The Rise of the Indirect Workforce

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Recently, Netherlands-based online food ordering and delivery service Just Eat made a decision that will change the status of its UK workforce. It will move from permanently employing its 1,700 couriers and 170 operational staff to implementing a self-employed or contractor model. Why? Because it believes it is at a competetive disadvantage compared to its rivals Deliveroo and Uber that already pursue take the ‘gig worker’ approach, says Roger Clements.

The ‘gig economy’ grew in the UK from 4.7 million in 2019 to an estimated 7.25 million based on UK Government figures. To a certain extent this has been fuelled by online delivery businesses like Just Eat, but also by virtual noticeboards Fiverr, Upwork and TaskRabbit. Or are these gig-based disruptors simply part of a wider trend reflecting the shift of businesses away from permanent staff towards an ‘indirect workforce’.


Since October 2022, the monthly Report on Jobs survey by the Recruitment and Employment Confederation (REC) and KPMG has shown permanent placements falling as temporary rise. Although senior labour market economist at the CIPD, Jon Boys, believes it’s too early to call this a trend, what’s intriguing is that he did point out that it goes against the norm, saying: “Under the current economic conditions, where demand for staff is high but availability is low, we tend to see more permanent placements.”

If this cannot be confirmed as an official trend, quite yet at least, there’s no denying there’s an undercurrent suggesting the rise of the indirect workforce could be approaching. And it’s something workers themselves foresee. Although PwC’s Workforce of the Future Study found that globally, job security and long-term service are the most important to people, with 30 percent valuing it overanything else, nearly a quarter also wanted flexibility and being in control of the work they do and when. When it comes to relationships between workers and employers, 60 percent of people globally agree that “few people will have stable, long-term employment in the future”. Meanwhile, 47 percent believe we’ll be free agents.


So, what would a shift towards an indirect workforce mean for businesses? Should they rethink their approach to permanent versus temporary? First, it would provide more flexibility and agility, which as we’ve found recently can prove vital in times of sudden change or volatility, both of which increasingly seem to be a sign of the current times. Changing workforce composition towards a 50:50 permanent/temporary split would also enable building a talent base around essential tasks that need doing at a specific time – and ensuring they are carried out as successfully as possible.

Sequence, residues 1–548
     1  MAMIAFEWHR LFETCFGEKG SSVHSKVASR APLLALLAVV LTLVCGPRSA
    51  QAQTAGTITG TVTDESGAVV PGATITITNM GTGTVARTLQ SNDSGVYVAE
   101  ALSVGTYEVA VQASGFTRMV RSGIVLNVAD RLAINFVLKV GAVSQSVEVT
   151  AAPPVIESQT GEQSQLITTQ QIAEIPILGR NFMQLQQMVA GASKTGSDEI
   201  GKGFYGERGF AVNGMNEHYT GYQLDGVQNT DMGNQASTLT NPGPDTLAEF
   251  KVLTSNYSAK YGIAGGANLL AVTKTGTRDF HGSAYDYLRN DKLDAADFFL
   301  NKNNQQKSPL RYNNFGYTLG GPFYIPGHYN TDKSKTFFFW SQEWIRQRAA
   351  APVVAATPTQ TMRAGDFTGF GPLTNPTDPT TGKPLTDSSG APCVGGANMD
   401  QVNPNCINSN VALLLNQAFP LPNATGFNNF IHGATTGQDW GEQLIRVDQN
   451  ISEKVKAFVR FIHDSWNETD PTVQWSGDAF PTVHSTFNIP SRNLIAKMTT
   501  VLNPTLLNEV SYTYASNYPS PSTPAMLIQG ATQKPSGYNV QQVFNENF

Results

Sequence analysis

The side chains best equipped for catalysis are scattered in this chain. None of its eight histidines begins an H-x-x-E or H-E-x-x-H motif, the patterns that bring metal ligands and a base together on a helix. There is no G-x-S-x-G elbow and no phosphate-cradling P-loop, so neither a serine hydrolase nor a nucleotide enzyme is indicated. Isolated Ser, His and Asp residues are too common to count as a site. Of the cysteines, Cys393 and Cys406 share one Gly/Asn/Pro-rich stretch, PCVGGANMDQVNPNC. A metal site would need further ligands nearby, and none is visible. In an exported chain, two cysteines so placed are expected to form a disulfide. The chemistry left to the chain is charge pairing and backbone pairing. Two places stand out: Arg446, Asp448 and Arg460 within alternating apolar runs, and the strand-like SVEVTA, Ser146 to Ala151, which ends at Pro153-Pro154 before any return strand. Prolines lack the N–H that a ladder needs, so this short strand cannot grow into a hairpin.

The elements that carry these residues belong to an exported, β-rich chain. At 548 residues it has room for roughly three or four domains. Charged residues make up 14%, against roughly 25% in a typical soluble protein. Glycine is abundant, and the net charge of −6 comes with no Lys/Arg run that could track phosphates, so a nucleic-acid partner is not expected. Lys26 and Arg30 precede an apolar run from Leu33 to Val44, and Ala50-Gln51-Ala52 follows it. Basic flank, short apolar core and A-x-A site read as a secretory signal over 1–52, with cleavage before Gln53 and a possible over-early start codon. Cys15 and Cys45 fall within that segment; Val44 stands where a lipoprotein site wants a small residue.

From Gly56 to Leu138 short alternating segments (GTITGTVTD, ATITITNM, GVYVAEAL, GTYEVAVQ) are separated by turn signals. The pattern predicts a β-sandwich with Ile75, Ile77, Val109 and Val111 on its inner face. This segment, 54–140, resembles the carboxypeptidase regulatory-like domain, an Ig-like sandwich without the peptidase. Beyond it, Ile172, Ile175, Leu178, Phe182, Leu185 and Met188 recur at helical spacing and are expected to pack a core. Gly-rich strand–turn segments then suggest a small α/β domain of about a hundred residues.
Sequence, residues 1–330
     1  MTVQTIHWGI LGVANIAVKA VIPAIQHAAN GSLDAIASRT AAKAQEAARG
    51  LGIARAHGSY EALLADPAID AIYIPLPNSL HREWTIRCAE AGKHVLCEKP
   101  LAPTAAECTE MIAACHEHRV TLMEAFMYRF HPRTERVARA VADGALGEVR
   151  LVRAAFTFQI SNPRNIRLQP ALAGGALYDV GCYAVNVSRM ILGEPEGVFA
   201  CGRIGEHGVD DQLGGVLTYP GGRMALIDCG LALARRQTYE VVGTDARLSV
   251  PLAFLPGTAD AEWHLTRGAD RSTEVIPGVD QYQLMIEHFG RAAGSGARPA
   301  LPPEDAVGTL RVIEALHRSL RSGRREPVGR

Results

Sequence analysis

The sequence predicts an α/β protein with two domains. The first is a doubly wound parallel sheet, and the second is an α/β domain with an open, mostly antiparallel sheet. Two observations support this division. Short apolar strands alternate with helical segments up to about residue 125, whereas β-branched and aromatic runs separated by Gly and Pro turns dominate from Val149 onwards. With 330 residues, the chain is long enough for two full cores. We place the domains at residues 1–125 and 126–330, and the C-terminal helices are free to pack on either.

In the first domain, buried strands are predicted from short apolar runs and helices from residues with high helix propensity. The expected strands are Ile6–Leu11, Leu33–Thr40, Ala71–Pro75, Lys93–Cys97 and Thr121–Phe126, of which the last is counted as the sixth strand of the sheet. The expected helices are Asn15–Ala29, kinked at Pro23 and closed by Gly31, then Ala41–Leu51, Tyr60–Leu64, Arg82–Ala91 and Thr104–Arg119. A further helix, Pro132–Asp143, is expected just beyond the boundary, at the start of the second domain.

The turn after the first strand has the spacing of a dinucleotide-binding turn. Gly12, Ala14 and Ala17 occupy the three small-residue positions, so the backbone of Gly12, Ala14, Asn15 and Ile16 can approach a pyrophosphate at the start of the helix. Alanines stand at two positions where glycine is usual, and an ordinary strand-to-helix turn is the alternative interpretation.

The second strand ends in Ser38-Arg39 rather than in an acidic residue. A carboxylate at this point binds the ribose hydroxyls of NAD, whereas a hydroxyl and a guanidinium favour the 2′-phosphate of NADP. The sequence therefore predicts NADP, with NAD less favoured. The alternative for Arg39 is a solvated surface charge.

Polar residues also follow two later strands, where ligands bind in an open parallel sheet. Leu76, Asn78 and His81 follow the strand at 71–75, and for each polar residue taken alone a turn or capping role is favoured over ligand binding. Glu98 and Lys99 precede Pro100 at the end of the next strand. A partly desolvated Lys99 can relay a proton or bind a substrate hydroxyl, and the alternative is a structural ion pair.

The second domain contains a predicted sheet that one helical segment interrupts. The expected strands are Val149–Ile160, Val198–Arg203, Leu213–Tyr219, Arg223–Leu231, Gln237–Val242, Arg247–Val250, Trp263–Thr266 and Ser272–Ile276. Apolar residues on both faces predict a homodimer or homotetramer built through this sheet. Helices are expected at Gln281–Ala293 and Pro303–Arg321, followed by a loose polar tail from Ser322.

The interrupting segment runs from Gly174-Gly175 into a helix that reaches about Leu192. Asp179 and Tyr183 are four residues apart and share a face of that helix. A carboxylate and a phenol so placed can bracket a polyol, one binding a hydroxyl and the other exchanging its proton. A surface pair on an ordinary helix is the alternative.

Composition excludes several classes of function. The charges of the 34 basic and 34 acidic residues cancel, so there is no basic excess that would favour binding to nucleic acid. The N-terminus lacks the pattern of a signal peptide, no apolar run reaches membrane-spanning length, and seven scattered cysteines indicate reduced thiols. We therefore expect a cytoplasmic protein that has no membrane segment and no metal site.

Shifting from focusing their recruitment strategy on permanent staff would also allow employers to develop an ecosystem of talent. Creating a workforce network in this way enables connecting with people whose skills and experience add critical value to the business at key moments without the need for them to work with the company all the time. Employers could potentially tap into a global talent pool, widening choice and increasing the chance of getting people best suited to the job in hand and who are more likely to be the right fit.


But what would this new indirect workforce mean in terms of loyalty, productivity and performance. How would that compare to a largely permanent employee base? In terms of how temporary talent would perform, they would have been chosen for their expertise in specific skills so should carry out the tasks they are brought in to do more effectively than a wider more generalist permanent team. What’s more, the freelance mentality of only being as good as your last job should help guarantee commitment and dedication to the cause.

One area that would demand a shift in thinking is compliance. Currently, organisations are quite rightly being increasingly rigorous in carrying out background checks on permanent candidates. However, there’s a tendency to devolve the clearance and pre-employment screening of their temporary staff to suppliers. In the new world of the indirect workforce, this would have to change, or companies would be hugely ramping up the risk of facing claims against them that could result in crippling legal action, among other issues.

The move to hybrid working is significantly changing the workforce in terms of employees’ relationships with each other. The pull of the office as a source of camaraderie and belonging is being eroded. This is making people more self-contained, self-motivated and self-reliant. All of this makes the step to being a temporary employee easier, while the flexibility, control and variety it offers increases the attraction. Could the signs pointing to the future growth of the indirect workforce be any stronger?

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